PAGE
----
Knowledge may be power, but when it comes to global warming, it seems that the more you know, the less you care, at least according to one recent study published in the journal Risk Analysis.
After polling 1,093 Americans over the phone, researchers found that high levels of confidence in scientists resulted in a decreased sense of responsibility for global warming.
The findings were somewhat unexpected, says Paul M. Kellstedt, a political science associate professor at Texas A&M.; He noted that the focus of the study was not to measure how informed or uninformed Americans are about global warming, but to understand why some people who are more or less informed about it showed more or less concern.
"In that sense, we didn't really have expectations about how aware or unaware people were of global warming," he says. ""The findings that the more informed respondents were less concerned about global warming, and that they felt less personally responsible for it, did surprise us. We expected just the opposite."
Kellstedt noted, however, that although their findings held fast no matter how they modeled the data, other variables played a much larger effect on concern for global warming. Plus, measuring knowledge about global warming is a tricky proposition to begin with, he adds.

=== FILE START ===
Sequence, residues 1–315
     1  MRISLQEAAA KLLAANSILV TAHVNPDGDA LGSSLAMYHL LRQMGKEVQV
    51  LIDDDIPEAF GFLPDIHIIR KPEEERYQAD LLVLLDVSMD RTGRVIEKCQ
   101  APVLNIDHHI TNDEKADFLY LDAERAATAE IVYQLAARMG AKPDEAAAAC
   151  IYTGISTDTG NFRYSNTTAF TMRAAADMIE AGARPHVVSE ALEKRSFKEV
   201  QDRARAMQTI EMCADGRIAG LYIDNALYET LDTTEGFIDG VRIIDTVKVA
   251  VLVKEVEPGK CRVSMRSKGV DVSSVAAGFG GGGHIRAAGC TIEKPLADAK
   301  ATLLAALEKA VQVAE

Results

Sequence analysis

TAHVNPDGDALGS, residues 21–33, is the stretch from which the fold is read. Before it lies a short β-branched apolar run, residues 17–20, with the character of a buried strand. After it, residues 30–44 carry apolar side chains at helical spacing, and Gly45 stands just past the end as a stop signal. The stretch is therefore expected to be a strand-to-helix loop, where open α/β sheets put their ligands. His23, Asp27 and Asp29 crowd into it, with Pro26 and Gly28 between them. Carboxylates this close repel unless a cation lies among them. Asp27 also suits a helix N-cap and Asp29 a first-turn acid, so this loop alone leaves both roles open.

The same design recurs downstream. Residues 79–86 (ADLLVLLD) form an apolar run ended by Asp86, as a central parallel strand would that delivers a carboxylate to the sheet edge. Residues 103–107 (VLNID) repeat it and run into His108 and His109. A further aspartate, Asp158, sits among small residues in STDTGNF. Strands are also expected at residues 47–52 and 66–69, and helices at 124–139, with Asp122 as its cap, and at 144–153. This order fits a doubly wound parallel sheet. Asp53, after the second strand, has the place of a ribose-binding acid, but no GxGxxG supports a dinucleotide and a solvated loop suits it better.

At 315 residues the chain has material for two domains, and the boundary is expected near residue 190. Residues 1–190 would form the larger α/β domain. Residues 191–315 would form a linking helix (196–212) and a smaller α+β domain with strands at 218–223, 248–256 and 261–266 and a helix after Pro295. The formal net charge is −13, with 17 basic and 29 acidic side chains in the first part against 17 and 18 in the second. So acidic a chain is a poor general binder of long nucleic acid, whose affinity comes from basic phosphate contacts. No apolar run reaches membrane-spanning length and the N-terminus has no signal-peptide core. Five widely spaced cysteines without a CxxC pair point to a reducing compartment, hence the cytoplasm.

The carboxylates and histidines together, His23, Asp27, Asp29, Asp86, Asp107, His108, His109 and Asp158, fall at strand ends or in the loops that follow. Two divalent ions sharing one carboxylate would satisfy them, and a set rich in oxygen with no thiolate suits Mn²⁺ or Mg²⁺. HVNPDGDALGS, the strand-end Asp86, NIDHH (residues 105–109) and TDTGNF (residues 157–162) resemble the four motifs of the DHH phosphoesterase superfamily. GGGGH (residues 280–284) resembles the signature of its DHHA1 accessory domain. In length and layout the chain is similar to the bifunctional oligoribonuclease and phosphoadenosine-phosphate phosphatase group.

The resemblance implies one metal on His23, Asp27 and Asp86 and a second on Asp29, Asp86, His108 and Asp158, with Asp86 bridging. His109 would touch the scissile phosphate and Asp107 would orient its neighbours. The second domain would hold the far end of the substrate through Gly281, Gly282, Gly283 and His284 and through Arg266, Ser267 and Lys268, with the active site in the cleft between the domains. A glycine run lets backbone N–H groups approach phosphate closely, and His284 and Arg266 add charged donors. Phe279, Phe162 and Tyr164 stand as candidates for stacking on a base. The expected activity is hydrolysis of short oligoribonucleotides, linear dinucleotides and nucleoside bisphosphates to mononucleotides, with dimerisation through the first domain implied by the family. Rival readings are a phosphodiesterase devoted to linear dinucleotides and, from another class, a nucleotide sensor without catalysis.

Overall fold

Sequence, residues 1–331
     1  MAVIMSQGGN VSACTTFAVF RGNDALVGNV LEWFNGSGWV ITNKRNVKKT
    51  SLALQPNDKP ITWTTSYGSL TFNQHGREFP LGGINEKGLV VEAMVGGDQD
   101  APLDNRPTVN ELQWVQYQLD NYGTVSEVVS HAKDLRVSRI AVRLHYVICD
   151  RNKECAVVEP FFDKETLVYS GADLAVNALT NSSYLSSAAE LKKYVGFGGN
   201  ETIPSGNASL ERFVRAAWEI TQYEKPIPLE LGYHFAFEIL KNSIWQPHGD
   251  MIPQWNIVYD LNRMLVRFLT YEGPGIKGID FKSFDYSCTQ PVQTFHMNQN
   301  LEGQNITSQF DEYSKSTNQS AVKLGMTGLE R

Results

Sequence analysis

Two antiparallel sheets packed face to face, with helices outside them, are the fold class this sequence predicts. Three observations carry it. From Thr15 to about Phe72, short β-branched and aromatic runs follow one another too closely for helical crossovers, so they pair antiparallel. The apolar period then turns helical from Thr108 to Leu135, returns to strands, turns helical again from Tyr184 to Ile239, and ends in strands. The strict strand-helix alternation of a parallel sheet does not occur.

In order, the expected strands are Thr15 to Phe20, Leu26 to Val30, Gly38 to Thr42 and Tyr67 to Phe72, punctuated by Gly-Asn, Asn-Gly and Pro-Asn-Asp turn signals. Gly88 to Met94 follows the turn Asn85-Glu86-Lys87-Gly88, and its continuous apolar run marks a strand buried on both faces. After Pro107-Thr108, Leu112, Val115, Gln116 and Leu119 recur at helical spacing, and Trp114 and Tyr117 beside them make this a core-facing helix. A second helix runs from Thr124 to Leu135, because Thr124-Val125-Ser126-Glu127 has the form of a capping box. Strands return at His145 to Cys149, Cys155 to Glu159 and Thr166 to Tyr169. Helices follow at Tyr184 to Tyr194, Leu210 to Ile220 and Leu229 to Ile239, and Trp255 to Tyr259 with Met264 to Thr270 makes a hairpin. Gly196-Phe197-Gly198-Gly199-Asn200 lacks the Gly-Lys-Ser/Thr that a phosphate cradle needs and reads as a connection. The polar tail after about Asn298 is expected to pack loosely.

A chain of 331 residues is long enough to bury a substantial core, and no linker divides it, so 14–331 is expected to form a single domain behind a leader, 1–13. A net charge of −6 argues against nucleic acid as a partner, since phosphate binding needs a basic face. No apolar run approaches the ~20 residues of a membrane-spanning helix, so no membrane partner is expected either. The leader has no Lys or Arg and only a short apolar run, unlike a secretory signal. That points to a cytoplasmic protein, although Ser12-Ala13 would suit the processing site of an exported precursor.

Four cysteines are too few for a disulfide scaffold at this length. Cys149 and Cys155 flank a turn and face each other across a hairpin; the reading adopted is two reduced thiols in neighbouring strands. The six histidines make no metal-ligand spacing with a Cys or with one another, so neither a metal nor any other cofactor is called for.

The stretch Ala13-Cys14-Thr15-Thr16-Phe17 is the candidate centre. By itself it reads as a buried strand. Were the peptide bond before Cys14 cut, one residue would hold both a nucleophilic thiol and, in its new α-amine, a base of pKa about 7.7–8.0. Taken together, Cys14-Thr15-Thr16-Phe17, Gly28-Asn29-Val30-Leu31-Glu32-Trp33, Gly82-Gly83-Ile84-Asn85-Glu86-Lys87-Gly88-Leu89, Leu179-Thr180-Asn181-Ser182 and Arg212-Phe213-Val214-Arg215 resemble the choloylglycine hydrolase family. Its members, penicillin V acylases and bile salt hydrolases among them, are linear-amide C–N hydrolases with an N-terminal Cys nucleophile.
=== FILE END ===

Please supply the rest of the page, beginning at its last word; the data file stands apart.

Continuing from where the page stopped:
"That's true of many other things we would like to measure in surveys, of course, especially things that might embarrass people (like ignorance) or that they might feel social pressure to avoid revealing (like prejudice)," Kellstedt says. "There are no industry standards, so to speak, for measuring knowledge about global warming. We opted for this straightforward measure and realize that other measures might produce different results."
Still, it can't be comforting for climate-change researchers to know that the more trust people have in them as scientists, the less concerned they are about their findings. ::Texas A&M; University